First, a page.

Plain and simple, beets contains nitrates. Our body converts nitrates to nitric oxide, which is a vasodilation substance that opens blood vessels to move more oxygen and nutrients to working muscle groups. It helps us to do the same amount of work while using less oxygen. Or even better, doing more work while using the same amount of oxygen. Some studies have even found that after drinking a cup of beet juice, athletes can do the same work load utilizing almost 20% less oxygen. Its not exactly fair to say that beet juice will increase speed of power out put, but you can potentially do more work for the sam oxygen utilization.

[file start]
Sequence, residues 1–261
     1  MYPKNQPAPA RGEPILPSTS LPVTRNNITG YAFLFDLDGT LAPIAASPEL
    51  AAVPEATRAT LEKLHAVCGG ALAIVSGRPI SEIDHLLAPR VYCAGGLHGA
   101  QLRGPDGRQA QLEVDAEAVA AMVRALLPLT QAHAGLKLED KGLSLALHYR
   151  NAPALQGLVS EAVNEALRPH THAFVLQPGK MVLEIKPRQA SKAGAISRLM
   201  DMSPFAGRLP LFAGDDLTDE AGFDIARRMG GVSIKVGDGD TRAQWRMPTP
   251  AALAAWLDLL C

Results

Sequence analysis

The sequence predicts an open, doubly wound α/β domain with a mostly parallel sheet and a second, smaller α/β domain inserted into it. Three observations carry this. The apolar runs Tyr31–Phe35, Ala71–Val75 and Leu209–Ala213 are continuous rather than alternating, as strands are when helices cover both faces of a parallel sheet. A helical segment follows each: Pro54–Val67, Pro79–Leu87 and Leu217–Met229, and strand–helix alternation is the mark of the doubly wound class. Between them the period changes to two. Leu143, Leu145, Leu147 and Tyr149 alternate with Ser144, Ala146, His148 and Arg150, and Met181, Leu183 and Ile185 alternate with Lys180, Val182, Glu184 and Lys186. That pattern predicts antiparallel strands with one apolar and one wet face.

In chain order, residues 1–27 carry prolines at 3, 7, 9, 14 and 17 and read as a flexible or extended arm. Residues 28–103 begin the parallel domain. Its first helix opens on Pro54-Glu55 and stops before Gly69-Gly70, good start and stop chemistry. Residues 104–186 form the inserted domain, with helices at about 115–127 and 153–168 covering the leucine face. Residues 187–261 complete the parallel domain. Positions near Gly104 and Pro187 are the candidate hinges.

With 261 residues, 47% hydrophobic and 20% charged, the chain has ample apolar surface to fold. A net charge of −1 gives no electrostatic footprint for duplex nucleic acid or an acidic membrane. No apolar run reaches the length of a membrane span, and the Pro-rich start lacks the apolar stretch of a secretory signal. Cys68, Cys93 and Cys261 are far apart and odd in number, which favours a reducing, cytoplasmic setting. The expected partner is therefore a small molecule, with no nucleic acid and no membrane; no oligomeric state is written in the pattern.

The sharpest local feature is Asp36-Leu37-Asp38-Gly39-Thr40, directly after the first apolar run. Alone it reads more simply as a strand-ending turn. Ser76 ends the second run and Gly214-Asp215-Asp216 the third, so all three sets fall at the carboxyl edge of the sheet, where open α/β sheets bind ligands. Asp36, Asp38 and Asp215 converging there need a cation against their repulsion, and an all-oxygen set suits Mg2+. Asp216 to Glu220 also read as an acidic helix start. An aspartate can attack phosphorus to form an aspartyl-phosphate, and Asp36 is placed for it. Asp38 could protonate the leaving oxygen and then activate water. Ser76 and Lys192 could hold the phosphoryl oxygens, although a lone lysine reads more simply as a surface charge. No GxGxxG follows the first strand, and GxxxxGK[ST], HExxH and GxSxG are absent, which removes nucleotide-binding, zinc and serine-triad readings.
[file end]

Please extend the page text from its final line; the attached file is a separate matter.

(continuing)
A fantastic 2017 meta-analysis found that "The available results suggest that supplementation with beetroot juice can improve cardiorespiratory endurance in athletes by increasing efficiency, which improves performance at various distances, increases time to exhaustion at submaximal intensities, and may improve the cardiorespiratory performance at anaerobic threshold intensities and maximum oxygen uptake (VO2max)."
That sounds great, so bring on the beet supplements? Not quite. Its been found that non-vegetable sources of nitrates may have detrimental health effects. This would be the added nitrates in processed and cured deli meats or any beet root powder or tablet. Those are to be avoided as best as you can. If you want to improve our performance, you should ideally obtain nitrates from whole vegetables. Try adding some beets to your salads, sandwiches, wraps, stir-frys, and soups.